The United Nations Conference on Trade and Development has revealed that foreign direct inflows into Zimbabwe have declined from US$545 million in 2014 to US$421 million in 2015 before further plunging to US$319 million last year.
Cash shortages continue to worsen with long winding queues at banks by depositors desperate to access their cash becoming commonplace. Such is the severity of the cash crisis that some banks are giving a daily cash limit of US$20 and mostly in 5, 10, 25 and 50 cent coins.
The carnage in the labour market continues with more than 800 workers losing their jobs in the first quarter of the year alone. At least 160 workers were laid off in the last month. National airline Air Zimbabwe recently retrenched 200 workers with the National Railways of Zimbabwe planning to lay off more than 1 000 workers, worsening the country’s unemployment rate.
Chinamasa was silent on these challenges in his statement, suggesting that the government is either reluctant or clueless on how to address them. He was also silent on government’s spending in the first half of 2017.
Chinamasa deviated from presenting a mid-term fiscal policy statement to providing a review of last year’s performance.
Commentators said this is probably because of how his proposals in last year’s mid-term fiscal policy statement — which included the closing down of some of the country’s embassies, retrenching civil servants, cutting the salaries of cabinet ministers and suspending civil servants’ bonuses — were rejected by Cabinet.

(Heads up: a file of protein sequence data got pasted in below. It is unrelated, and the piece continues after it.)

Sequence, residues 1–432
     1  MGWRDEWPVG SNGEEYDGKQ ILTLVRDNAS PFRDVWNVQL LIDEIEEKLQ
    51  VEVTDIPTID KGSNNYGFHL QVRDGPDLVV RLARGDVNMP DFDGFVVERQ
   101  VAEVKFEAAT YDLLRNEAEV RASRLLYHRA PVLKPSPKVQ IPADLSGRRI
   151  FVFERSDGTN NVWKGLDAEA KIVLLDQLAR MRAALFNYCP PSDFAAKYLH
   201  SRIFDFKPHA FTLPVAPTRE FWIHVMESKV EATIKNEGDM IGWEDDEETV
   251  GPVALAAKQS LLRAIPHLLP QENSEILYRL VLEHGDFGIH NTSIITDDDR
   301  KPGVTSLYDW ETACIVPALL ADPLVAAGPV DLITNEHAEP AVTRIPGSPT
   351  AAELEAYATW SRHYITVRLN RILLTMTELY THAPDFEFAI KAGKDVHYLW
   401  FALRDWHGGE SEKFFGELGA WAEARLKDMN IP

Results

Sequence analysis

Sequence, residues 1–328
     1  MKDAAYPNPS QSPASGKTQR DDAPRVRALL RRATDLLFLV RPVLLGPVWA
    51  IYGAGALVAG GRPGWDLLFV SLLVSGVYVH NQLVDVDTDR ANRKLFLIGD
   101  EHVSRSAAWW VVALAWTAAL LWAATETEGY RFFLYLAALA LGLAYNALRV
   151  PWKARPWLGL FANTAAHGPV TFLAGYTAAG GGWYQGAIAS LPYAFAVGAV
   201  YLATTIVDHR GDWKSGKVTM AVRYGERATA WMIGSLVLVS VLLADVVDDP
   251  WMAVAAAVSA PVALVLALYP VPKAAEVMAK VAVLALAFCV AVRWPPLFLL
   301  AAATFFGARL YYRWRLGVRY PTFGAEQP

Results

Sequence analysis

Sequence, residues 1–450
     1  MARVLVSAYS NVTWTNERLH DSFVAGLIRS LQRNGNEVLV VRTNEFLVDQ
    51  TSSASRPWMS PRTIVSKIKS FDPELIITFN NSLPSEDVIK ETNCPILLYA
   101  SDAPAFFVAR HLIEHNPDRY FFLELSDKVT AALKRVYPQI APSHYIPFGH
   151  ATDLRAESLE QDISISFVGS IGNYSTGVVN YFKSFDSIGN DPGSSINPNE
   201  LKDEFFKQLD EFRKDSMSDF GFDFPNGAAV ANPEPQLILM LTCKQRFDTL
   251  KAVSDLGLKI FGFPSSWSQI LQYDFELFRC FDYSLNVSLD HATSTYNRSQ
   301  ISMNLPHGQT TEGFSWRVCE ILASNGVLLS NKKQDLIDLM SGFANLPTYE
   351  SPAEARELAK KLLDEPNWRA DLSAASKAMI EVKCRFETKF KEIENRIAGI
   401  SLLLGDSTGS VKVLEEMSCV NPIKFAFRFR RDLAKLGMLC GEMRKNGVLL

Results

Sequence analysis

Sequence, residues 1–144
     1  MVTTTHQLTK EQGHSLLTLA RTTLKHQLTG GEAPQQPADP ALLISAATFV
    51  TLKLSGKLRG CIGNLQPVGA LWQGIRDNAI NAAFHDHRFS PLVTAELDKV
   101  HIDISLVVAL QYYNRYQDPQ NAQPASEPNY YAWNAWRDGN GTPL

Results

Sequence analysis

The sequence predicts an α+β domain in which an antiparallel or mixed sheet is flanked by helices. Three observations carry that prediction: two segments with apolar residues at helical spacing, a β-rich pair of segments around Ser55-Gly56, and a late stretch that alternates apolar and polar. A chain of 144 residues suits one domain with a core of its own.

Despite Chinamasa’s promise to cut benefits to reduce expenditure in his statement, it remains to be seen whether he can achieve this or, like his previous proposals, also suffer a stillbirth.
The Finance minister grossly understated the budget deficit in his review statement, according to economist Eddie Cross, who also sits on Parliament’s Budget and Finance Committee and the Public Accounts Committee. “Chinamasa has got to try and put a positive spin,” Cross said. “He was not entirely honest. He understated the margin of domestic debt substantially.|”
Cross pointed out that Chinamasa had not divulged the full costs of the government’s Command Agriculture programme which is meant to boost agricultural production and reduce maize imports.
He said the budget overrun would jeopardise the government’s re-engagement with the IMF. “You can forget the IMF re-engagement with the budget which is so off kilter with what the IMF has come to accept,” Cross said.
The outlook remains dim, according to economist and Buy Zimbabwe executive Oswell Binha.
“The outlook remains gloomy as it hinges on the government’s ability to deal with its over expenditure,” Binha said.
“The major challenge is the inability of the government to deal with the fiscal deficit which is the root cause of cash shortages and the depletion of nostro accounts.
“A deficit of US$902 million is too huge and this is predominantly financed by overdrafts at the Reserve Bank practically implying borrowing from the private sector.”